The allotment waking up

It’s still pretty cold around here – though it reached 14deg on Wednesday – but the signs of spring are already upon us. The crocuses are out in the local park, and the chives on my balcony have started growing again. The annual allotment-holder turn-over has also arrived (February is fees month at my allotment, which is when people who don’t want their allotments any more bow out, and the newbies arrive), and I’ve met several new and enthusiastic allotment-holders.

Our allotment is also showing signs of spring. The broad beans and early peas (planted in November) are clambering upwards, and the onion sets I also planted in November are doing well. I finally dug up the last of last year’s parsnips, and got a couple of real whoppers.

The ‘winter’ tidying-up is also gaining a new urgency. On Sunday I finally got rid of the big pile of bramble cuttings taking up the end of one of the beds. The hope was that it would rot down in place, but it was way too woody. The wood definitely is rotting – it was very easy to break up to put into the council green waste bags[0] – but not fast enough for my purposes.

I’ve seen it suggested recently that one can use wood cuttings as a swale, to soak up water. You dig a big trench — several feet deep — and chuck the wood in, then cover it back up again and plant as normal on top. I decided against doing that on this occasion, as I didn’t want to disturb the soil structure that much, but I’ll bear it in mind for the future — it might be an idea to use when digging out the potatoes next season since I’ll be disturbing the soil then anyway.

It’s also nearly time to start the spring planting; which is always exciting; although would be more so if I didn’t have a fair amount of weeding to do first. But mostly I’m just enjoying the signs that spring is on its way.

[0] It will then be taken away and composted in huge industrial-type composters; then in a year or so I can buy it back at £3.50 for 40 litres.

Overdoing it? Burnout, and Offline Sundays

Over the last few weeks I’ve become uncomfortably aware that I might, possibly, be overdoing it a bit. There were subtle signs, such as a deep desire to hide under the duvet every time I even thought about my to-do list; and less subtle ones, like bursting into tears on the phone for no apparent reason.

Then there were the helpful hints from the serendipitous universe. A work training day where I realised that I’m not actually the thriving-on-being-super-busy person I was (or believed I was) when I was 20. A friend sending links about Burned-out Activists and Avoiding Activist Burnout to the mailing list of the awesome A Collective for Better Collectives.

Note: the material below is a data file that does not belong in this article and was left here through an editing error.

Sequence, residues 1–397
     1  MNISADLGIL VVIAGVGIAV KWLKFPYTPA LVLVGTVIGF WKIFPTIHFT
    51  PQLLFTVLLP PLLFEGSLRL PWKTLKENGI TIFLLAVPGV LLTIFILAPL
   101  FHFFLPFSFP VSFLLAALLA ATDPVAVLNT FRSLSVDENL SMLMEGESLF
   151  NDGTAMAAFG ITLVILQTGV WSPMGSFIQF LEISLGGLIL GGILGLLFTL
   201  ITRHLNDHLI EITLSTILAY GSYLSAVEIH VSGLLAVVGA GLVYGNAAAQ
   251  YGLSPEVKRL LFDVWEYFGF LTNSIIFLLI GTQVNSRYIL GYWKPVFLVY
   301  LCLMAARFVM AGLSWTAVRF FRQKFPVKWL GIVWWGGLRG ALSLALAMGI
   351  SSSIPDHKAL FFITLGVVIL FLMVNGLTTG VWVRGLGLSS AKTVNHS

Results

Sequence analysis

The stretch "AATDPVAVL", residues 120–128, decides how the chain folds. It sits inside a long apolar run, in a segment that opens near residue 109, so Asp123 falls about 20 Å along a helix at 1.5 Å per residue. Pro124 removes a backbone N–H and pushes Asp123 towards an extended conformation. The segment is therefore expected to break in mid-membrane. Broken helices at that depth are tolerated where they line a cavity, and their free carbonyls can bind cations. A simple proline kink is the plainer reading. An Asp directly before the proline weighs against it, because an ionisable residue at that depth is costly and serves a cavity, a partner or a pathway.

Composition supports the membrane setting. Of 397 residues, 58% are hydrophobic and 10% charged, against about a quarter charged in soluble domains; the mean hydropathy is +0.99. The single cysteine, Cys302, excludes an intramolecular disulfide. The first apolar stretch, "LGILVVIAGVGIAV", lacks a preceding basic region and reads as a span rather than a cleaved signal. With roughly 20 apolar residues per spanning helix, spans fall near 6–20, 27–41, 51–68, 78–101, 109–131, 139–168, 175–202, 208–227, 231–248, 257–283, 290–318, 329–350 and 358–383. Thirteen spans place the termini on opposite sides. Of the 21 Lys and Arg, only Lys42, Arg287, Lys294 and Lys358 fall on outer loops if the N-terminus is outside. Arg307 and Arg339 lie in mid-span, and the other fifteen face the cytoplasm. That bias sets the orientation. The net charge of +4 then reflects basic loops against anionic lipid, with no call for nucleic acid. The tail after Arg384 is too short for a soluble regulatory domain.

(At this point, I want to say “of course, most of my own stress/borderline burnout isn’t actually activism related”. Because, in my head, real activists put more time than I do into their activism. And it’s true that the two big things on my mind right now aren’t activism-related. But recently I counted up the number of broadly ‘activist’ projects that I’m involved with, and came up with eight. Hm.)

So, I accepted the subtle signs from my own mind and the helpful prodding from the universe, and I considered what I should do about it. Kristenking gives a helpful list of Things to Bear In Mind, several of which I’d already come to of my own accord. Here’s my list:

  1. Take a long hard look at my commitments. Drop some of them.
  2. Remind myself that I have some big stuff coming up in the next few weeks (finishing my book, and supporting a friend in giving birth, being the big-ticket items), and look at 1. again.
  3. Go climbing. It’s good for the brain.
  4. The internet, whilst shiny in many regards, is not always helpful. Try taking an offline day (prompted in part by this post from Sarah Wilson).

I’m still working on them. I’ve been climbing a couple of times (it really is good for my brain), and I’ve bowed out of a couple of things (it probably needs to be more). Last Sunday was my first attempt at an offline day in a year or so, and it was complicated by the fact that I spent the day largely in bed with a cold, snoozing and reading. But it was a book, not the internet. And it felt like a release of some sort. I’ll report back in a couple of weeks on how the next few weekends go.


On a slight tangent from my normal topics on this blog: I have my first published story out in this anthology, now out in ebook & at 15% off! I’ve been reading the other stories as well, now that I’ve got my contributor’s copy, and can whole-heartedly recommend the whole book. “Magic that detects crime, magic that heals, magic that destroys: all this and more and in hands of queer women who use their powers to shape their worlds and their destinies.”